No, Rabbi Sacks. Nothing has “morphed“. This is classic fallacy filled British diplomacy . The anti-Semitic Ken Livingstone types of this world should be dethroned, but to allow the semblance of thought that Jews are not entitled to their homeland, as above, and call this entitlement Zionism, is bizarre, I find it difficult to comprehend. Nay, this is an attack on Judaism101. We assert our right to live in peaceful boundaries. Those who seek to deny this right, whether emanating from explicit charter, whispering, obfuscation or diplobabble (the French Connection) are anti-Semites.
As Rav Kook so eloquently put it:
“It is only the anticipation of redemption that preserves Judaism in Exile, while Judaism in the Land of Israel is the redemption itself.”
This redemption is what we aspire to.
[ Only an ignorant would interpret this to mean Rav Kook’s Judaism in Exile was not infused with Torah. ]
An erev Pesach entertainment event in Jerusalem’s Arena Stadium that was to include Mordechai Ben-David has been canceled. According to a Kikar Shabbos News report, the cancellation follows the intervention of the “Vaad Mishmeres Kodesh & Chinuch”.
The entertainment event “Kumzing – By the Minagnim Orchestra” – was for men only, sponsored in part by the Jerusalem Municipality and was scheduled for Monday evening, 10 Nissan. The chairman of the vaad, Rabbi Mordechai Blau, announced on Sunday, 24 Adar-II that the committee opposes the event which if held, will be going on against the wishes of gedolei yisrael shlita.
Kikar reports as a result of the vaad’s announcement, the event is being canceled.
Rabbi Blau says that the Vaad takes issue with these shows since “gedolei yisrael oppose them”.
No names of any Gedolei Yisroel were named.
Unless there is something disgusting about this concern that I’m not aware of, the biggest enemy we face in our midst are not so much the Rabbonim Muvhakim, but rather the Askant, the Askonim (machars/political apparatchiks), who want to control lives whether it’s in keeping with Torah or indeed their Rav HaMuvhak.
I’m reminded by the admission of Rav Tzvi Pesach Frank who related a discussion with Rav Chaim Sonnenfeld. I will leave out the juicy bits but you can read them here
About six weeks ago, I spoke with Rav Chaim Sonnenfeld, and at one point, I asked him if it is right that he signs himself as the Rav of the Ashkenazim in our Holy City… He answered me that the truth is, he does not sign so, but they made for him a stamp and wrote this on it.
I love this picture (edited by me to look clearer, I don’t know where I got it from), because it represents the truth. Not the world of falsehood that has enveloped our enclaves and askonim. Rav Kook (in the spodik) sitting next to Rav Sonnenfeld. The two behaved properly to each other, even though Rav Sonnenfeld was older and more prone to manipulation by the Hungarian political incursion into Yerusholyaim described by Rav Tzvi Pesach Frank.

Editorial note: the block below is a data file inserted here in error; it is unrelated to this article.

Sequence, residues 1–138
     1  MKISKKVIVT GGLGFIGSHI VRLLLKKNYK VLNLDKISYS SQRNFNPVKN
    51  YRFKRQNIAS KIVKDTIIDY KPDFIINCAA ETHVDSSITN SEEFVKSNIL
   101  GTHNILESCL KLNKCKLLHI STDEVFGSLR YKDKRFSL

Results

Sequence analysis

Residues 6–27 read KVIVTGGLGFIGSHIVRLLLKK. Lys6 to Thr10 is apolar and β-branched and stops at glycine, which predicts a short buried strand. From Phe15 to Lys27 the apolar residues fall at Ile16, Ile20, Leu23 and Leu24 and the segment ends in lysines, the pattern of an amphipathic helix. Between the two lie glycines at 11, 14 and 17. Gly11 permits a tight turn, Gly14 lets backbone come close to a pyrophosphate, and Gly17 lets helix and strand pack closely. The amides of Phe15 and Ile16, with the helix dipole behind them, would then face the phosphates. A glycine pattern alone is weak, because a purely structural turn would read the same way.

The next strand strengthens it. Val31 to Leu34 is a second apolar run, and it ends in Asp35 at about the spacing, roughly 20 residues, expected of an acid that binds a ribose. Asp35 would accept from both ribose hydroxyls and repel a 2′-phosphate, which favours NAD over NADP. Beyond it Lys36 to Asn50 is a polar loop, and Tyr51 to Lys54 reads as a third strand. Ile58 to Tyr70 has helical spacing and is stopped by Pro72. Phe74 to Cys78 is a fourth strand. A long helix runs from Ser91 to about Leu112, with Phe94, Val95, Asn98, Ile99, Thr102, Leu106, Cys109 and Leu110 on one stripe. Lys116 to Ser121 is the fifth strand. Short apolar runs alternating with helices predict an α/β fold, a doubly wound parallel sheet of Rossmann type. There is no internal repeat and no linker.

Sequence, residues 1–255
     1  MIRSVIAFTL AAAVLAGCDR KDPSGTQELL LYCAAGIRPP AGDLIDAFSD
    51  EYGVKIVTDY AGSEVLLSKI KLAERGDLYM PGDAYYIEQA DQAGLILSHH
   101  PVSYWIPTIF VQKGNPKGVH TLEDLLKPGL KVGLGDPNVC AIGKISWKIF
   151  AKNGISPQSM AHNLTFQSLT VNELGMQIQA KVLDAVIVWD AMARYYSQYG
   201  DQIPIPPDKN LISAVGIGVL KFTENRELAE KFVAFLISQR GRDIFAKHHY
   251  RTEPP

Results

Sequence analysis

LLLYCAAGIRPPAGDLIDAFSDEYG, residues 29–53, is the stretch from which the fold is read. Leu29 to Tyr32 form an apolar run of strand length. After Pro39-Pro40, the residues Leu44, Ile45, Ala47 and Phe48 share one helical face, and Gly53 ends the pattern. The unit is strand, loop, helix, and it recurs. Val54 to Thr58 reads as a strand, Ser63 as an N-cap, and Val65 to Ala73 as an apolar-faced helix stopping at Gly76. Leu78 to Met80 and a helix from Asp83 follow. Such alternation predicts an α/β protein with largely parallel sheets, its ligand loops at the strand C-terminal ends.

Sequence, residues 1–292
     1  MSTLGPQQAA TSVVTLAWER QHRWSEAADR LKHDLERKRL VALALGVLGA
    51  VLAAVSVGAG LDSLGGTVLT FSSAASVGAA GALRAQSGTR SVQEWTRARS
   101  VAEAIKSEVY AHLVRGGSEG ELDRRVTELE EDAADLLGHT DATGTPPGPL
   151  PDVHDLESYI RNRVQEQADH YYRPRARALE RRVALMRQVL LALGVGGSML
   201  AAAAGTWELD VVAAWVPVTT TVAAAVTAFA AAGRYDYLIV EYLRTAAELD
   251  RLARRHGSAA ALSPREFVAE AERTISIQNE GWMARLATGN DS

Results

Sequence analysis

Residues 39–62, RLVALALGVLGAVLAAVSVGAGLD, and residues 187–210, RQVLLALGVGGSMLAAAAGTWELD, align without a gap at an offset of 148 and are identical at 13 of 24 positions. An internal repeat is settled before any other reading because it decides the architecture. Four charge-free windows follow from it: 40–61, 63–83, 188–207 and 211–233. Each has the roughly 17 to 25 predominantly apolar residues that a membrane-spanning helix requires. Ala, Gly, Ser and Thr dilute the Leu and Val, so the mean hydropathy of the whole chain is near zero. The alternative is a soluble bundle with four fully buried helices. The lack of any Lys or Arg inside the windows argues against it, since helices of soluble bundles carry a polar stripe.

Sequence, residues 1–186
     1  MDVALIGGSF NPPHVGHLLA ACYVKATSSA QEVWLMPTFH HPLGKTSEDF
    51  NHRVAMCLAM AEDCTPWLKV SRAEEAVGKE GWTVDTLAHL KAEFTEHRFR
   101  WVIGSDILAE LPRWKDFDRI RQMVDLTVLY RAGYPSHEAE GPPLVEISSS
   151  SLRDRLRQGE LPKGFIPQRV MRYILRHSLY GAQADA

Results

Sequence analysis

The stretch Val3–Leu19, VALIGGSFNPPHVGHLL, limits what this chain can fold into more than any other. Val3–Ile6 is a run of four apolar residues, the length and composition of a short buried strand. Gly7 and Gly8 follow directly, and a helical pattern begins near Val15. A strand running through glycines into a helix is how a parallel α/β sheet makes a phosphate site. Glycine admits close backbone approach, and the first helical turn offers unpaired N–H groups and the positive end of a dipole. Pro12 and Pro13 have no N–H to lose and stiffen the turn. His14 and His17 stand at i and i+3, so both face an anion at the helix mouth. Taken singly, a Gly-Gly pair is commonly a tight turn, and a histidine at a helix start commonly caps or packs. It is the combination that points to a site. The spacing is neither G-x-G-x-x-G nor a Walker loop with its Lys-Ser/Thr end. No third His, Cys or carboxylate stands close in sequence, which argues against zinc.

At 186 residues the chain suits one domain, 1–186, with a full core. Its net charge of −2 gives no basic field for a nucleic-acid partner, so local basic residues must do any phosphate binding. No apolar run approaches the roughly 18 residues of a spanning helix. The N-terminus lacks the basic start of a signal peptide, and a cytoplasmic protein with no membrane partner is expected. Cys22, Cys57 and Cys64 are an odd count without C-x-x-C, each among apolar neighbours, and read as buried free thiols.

This statement most certainly includes me. When writing my blog posts, I’ve occasionally unintentionally upset someone or have been misunderstood given the fact that perhaps I unwisely tend not to spend too much time actually writing my posts or proof-reading them.
Sometimes people send me a private email, and I act on it. Other times they send me a fake comment and when I try to reply, it bounces because there is no such address. Given that it’s Erev Yom Kippur, if there is a current or past post that you feel is unfair or has stepped over a halachic boundary, I ask you sincerely to email me, and most certainly, if it is a real email address and doesn’t bounce, I will reply accordingly.
I chanced across a comment about two? years ago where someone said I had it in for Rav Beck of Adass. Let me be very clear. Rav Beck is a holy man, a Yirei Shomayim, who has never done anything to me and I do not seek to belittle him in any way. I do have differences between the views of my Rabonim and his Shita on some things, and I do not resile for those. That should not be confused with a “personal vendetta” which I think I saw someone on the internet describe it.
So, for the sake of the record I will state those things (some of which also apply to Satmar, Toldos Aron and various other extreme groups within Adass)
I utterly and completely condemn their approach to the state of the Israel, and consider Veyoel Moshe, not Halacha and not LeMaaseh and it has been taken apart as a Sefer many times by people more learned than I. It’s also just reminded me of a story: